Then there are the scientists who, as the original article says, find that “[t]he more you spank your children, the more likely they are to defy you and to develop issues including anti-social behavior and cognitive difficulties” (emphasis removed). Science can sometimes help convince people that even ‘light’ spankings are detrimental physically and ‘cognitively’ – hence my conclusion above that SJC underestimates the effects of physical punishment. But the quoted finding is still compatible with the false notion that children should obey. And again, what if the study had instead found that spanking does lead to obedience and improves social ‘behavior’ – would that make spanking appropriate? If not, why bother conducting such studies in the first place? And what does it say about the moral standing of children in society that our ethics have failed us to the point we need science to tell us, if only implicitly, that spanking is bad, though only because it’s counterproductive? In reality, such ‘studies’ scientize a moral issue. They’re on the same level as ‘studies’ showing that whipping a slave reduces rather than increases his productivity. His productivity isn’t the problem – his enslavement is.

But then there are the people who not only miss the mark but commit evil. Aside from Dorvil, that’s SJC. Recognizing parents’ alleged “privilege” to discipline children using “reasonable” force, SJC understands “the risk that the parental privilege defense will be used as a cover for instances of child abuse” (SJC’s ruling, p. 10). (Did it not occur to them that, if their three-pronged framework was wrong, this might have been such an instance?) They thus aim to find a middle ground between these two conflicting interests and rule in a way that, BG writes, “strike[s] a balance between parental rights and protecting children against abuse” (emphasis added). Martin Healy from the Massachusetts Bar Association commended SJC because, according to BG, “the decision carefully balanced parents’ constitutional right to raise their children as they see fit with the need to protect them against abuse” (emphasis again added). Observe both SJC’s and Healy’s failure to recognize spanking as child abuse; that what’s really being balanced, therefore, is the parents’ ‘right’ to abuse and the child’s right to freedom from abuse; and thus SJC’s and Healy’s failure to recognize this ‘balancing’ act as pure evil.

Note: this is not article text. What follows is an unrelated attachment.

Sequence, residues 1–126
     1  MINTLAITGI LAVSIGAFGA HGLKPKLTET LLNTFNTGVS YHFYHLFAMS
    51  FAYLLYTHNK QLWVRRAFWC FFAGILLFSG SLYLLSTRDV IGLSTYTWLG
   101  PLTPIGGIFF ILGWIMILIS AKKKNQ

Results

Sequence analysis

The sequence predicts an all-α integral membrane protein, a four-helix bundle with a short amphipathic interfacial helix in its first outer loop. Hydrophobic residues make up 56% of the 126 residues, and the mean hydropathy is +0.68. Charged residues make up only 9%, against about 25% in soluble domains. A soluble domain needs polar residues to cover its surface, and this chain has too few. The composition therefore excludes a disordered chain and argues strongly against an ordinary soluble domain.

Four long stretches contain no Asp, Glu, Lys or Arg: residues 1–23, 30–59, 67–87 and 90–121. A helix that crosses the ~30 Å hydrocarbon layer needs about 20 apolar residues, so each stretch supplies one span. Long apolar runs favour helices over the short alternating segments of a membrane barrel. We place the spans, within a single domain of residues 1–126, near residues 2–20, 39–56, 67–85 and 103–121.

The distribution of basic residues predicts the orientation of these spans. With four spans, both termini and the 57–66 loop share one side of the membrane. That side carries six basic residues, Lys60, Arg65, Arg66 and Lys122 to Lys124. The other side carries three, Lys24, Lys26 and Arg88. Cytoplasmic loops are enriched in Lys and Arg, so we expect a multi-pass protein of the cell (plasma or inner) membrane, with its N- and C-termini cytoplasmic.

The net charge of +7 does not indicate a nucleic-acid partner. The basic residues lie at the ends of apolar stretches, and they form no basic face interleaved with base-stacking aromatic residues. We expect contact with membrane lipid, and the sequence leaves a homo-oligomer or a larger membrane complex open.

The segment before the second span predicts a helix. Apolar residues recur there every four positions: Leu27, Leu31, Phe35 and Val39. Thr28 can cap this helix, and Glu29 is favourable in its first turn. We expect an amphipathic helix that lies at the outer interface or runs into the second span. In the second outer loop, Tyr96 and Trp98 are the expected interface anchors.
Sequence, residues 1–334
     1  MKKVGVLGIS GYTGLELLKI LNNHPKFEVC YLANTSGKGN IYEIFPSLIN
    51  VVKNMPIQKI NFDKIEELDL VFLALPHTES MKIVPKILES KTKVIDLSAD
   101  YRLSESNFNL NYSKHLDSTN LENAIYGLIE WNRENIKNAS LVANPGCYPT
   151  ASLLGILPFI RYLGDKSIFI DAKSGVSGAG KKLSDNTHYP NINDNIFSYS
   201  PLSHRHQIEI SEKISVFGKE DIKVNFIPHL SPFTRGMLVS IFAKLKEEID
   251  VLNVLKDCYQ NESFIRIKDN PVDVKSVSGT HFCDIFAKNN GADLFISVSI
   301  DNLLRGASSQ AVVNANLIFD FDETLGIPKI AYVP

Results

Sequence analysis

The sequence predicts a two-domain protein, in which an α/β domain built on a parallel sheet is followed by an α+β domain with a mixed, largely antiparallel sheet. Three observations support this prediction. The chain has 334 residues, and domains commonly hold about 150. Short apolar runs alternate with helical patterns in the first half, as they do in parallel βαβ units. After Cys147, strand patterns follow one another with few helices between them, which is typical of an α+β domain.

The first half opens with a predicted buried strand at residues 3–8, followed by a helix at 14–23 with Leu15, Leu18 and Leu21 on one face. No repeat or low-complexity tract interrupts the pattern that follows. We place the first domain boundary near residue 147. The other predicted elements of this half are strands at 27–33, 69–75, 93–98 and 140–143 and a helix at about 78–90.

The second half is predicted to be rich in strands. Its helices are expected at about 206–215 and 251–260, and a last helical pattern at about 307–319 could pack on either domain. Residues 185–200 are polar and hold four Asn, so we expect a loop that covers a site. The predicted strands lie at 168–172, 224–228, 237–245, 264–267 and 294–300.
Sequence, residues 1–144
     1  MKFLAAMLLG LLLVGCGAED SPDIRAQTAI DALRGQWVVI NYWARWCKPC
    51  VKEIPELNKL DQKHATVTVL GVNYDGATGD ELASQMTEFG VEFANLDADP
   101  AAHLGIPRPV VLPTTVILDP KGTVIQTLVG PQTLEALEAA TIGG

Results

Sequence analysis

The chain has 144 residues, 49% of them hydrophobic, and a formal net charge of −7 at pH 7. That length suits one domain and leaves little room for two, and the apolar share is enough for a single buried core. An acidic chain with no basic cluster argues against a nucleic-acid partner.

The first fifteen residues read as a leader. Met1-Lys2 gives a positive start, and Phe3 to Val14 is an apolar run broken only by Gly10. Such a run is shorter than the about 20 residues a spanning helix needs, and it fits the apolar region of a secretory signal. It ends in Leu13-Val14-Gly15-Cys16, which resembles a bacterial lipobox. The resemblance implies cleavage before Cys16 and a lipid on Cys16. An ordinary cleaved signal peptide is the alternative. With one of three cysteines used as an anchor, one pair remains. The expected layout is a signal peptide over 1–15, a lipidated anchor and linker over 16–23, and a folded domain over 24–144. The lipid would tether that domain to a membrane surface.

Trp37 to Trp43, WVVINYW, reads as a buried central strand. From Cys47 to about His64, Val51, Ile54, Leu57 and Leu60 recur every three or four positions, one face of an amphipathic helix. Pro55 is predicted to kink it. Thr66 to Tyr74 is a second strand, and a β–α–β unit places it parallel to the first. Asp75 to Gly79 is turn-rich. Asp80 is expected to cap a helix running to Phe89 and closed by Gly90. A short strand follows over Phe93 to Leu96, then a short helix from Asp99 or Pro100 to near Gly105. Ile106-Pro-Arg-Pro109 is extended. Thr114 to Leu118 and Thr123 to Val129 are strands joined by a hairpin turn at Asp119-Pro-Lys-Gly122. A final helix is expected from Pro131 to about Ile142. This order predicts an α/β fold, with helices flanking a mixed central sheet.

SJC added, I’m guessing to address any criticism preemptively (p. 15): “[T]he balance will tip in favor of the protection of children […].” Well, isn’t that nice. That puts detractors of this awful ruling in a tough spot because supporters can always say: ‘but see, the compromise eventually favors the children!’ In reality, the opposite is the case. Just ask yourself who benefitted from this ruling, the father or the daughter? And what does it say about parenting culture that a child’s freedom from abuse requires ‘balancing’?

An objectivist evaluation helps to understand why a ‘balance’ or middle ground of this sort is evil. Consider this passage from Ayn Rand’s Atlas Shrugged:

“There are two sides to every issue: one side is right and the other is wrong, but the middle is always evil. The man who is wrong still retains some respect for truth, if only by accepting the responsibility of choice. But the man in the middle is the knave who blanks out the truth in order to pretend that no choice or values exist, […] who dispenses justice by condemning both the robber and the robbed to jail, who solves conflicts by ordering the thinker and the fool to meet each other halfway. In any compromise between food and poison, it is only death that can win. In any compromise between good and evil, it is only evil that can profit. In that transfusion of blood which drains the good to feed the evil, the compromiser is the transmitting rubber tube.
   “[…] When men reduce their virtues to the approximate, then evil acquires the force of an absolute, when loyalty to an unyielding purpose is dropped by the virtuous, it’s picked up by scoundrels—and you get the indecent spectacle of a cringing, bargaining, traitorous good and a self-righteously uncompromising evil.

Rand, Ayn. Atlas Shrugged (pp. 1054-1055). Penguin Publishing Group. Kindle Edition.

Or consider this passage of hers:

There can be no compromise on basic principles. There can be no compromise on moral issues. There can be no compromise on matters of knowledge, of truth, of rational conviction.

Or this one:

There can be no compromise between a property owner and a burglar; offering the burglar a single teaspoon of one’s silverware would not be a compromise, but a total surrender—the recognition of his right to one’s property.

Likewise, there can be no compromise between an assailant and his victim, even if (or especially when!) the assailant is the parent and the victim his child. There can be no ‘balance’ between a ‘right’ to abuse and a right to protection from abuse. Any cowardly attempt to strike such a ‘balance’ results in no balance at all but comes entirely at the cost of the victim, in this case Dorvil’s daughter. It would be the recognition of his (non-existent) right to violate her (moral if not legal) right to freedom from physical harm.

As Rand explains, there can be no such thing as a ‘right’ to violate someone else’s rights. That’s a moral standard, not a legal one, but I doubt a conscientious judge would have found it impossible to find a legal standard to avoid a compromise between good and evil in this case. On the contrary, SJC even cites such a standard (see below). And if courts can invoke arbitrary social standards, why couldn’t they invoke objective moral ones?